And if that small pile or the mountains of spent fuel precariously stored around the nation are not enough of a prompt, the roughly $960 million that the federal government has had to pay private nuclear operators should be. For every year that the DOE does not provide a permanent waste repository - or at least some option that takes the burden of storing spent nuclear fuel off the hands (and off the books) of power companies - the government is obligated to reimburse the industry for the costs of onsite waste storage. By 2020, it is estimated that $11 billion in public money will have been transferred into the pockets of private nuclear companies. By law, these payments cannot be drawn from the ratepayer-fed fund that is earmarked for a permanent geologic repository, and so, these liabilities must be paid out of the federal budget. Legal fees for defending the DOE against these claims will add another 20 to 30 percent to settlement costs.

The Federal appeals court, too, has sent a clear message that the buck needs to stop somewhere at some point - and that such a time and place should be both explicit and realistic. The nuclear waste confidence scoping process, however, is already giving the impression that the NRC's next move will be generic and improbable.

The late, great Texas journalist Molly Ivins once remarked, "The first rule of holes" is, "when you're in one, stop digging." For high-level radioactive waste, that hole is now a mountain, over 70 years in the making and over 70,000 tons high. If the history of the atomic age is not evidence enough, the implications of the waste confidence decision process put the current crisis in stark relief. There is, right now, no good option for dealing with the nuclear detritus currently on hand, and there is not even a plan to develop a good option in the near future. Without a way to safely store the mountain of waste already created, under what rationale can a responsible government permit the manufacture of so much more?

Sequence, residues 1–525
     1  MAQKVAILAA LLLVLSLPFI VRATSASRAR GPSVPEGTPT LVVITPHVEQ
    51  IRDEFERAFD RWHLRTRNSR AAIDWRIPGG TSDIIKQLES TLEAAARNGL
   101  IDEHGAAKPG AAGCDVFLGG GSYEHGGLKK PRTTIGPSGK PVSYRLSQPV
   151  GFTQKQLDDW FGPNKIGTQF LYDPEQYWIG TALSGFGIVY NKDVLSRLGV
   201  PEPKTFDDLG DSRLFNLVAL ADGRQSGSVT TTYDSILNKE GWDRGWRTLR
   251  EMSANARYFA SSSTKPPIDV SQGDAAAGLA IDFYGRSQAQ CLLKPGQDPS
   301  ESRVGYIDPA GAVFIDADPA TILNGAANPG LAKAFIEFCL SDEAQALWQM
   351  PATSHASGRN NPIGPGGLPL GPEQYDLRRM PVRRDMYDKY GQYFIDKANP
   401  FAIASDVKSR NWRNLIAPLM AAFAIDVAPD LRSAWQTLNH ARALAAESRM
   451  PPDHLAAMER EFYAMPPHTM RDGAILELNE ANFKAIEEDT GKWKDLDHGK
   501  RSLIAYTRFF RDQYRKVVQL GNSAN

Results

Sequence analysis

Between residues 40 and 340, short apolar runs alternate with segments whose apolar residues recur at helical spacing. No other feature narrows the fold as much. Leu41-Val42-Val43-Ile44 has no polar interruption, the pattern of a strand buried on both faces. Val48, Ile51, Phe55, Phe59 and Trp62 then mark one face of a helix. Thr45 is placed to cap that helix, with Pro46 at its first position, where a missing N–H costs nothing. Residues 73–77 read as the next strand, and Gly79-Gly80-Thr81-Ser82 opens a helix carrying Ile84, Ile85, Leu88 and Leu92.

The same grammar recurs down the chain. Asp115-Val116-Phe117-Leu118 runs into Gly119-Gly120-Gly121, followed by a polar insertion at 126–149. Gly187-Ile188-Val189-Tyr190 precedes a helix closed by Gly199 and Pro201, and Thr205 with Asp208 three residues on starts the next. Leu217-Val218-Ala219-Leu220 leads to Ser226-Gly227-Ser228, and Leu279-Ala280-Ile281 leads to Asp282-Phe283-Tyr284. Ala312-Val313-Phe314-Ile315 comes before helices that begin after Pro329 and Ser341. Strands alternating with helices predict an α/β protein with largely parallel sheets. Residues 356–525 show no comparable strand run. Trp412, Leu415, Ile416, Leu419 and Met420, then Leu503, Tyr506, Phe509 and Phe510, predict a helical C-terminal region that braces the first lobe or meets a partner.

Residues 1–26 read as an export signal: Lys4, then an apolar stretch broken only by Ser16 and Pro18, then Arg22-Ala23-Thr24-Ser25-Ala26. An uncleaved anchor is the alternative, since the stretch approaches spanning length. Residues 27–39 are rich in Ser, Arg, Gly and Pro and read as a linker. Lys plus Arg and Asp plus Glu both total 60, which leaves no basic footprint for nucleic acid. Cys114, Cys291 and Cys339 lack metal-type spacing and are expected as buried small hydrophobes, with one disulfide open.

The federal government spends billions to perpetuate and protect the nuclear industry - and plans to spend billions more to expand the number of commercial reactors. Dozens of facilities are already past, or are fast approaching, the end of their design lives, but the NRC has yet to reject any request for an operating license extension - and it is poised to approve many more, nuclear waste confidence decision notwithstanding. Plant operators continue to balk at any additional regulations that would require better waste management.

The lesson of the first 70 years of fission is that we cannot endure more of the same. The government - from the DOE to the NRC - should reorient its priorities from creating more nuclear waste to safely and securely containing what is now here. Money slated for subsidizing current reactors and building new ones would be better spent on shuttering aging plants, designing better storage options for their waste, modernizing the electrical grid and developing sustainable energy alternatives. (And reducing demand through conservation programs should always be part of the conversation.)

Enrico Fermi might not have foreseen (or cared about) the mountain of waste that began with his first atomic pile, but current scientists, regulators and elected officials have the benefit of hindsight. If the first rule of holes says stop digging, then the dictum here should be that when you're trying to summit a mountain, you don't keep shoveling more garbage on top.

NTS Notes:  What is not discussed is the reasoning for building and promoting Uranium as the power source for nuclear power stations... Many of these Uranium nuclear reactors have long been used for the breeding of  Plutonium that is extracted from the waste and used for nuclear bombs...

It is sad that the use of a cleaner nuclear material, Thorium, is never discussed when it comes to achieving safe nuclear power plants... The nuclear experts will never admit it, but the reason is simple: Thorium based nuclear power stations do not produce weapons grade Plutonium as one of its waste materials!

The fact is that even today almost all Nuclear power stations store their waste material in spent fuel pools right on site... These spent fuel pools everywhere are filling up rapidly, and in most nations, there are still no proper plans in place for the disposal of this hazardous life threatening material, as this article clearly shows....

We have seen the results of man's folly when it comes to nuclear power when we look at the Fukushima disaster and the still life threatening situation with its spent fuel rod pools.... And sadly there are no plans in place or even the know how yet to fix this situation.....   I again say it is time to stop the pursuit of wars and strife elsewhere and concentrate our efforts on fixing the horrendous life threatening situation at Fukushima Japan first and foremost... That time is long overdue..

More to come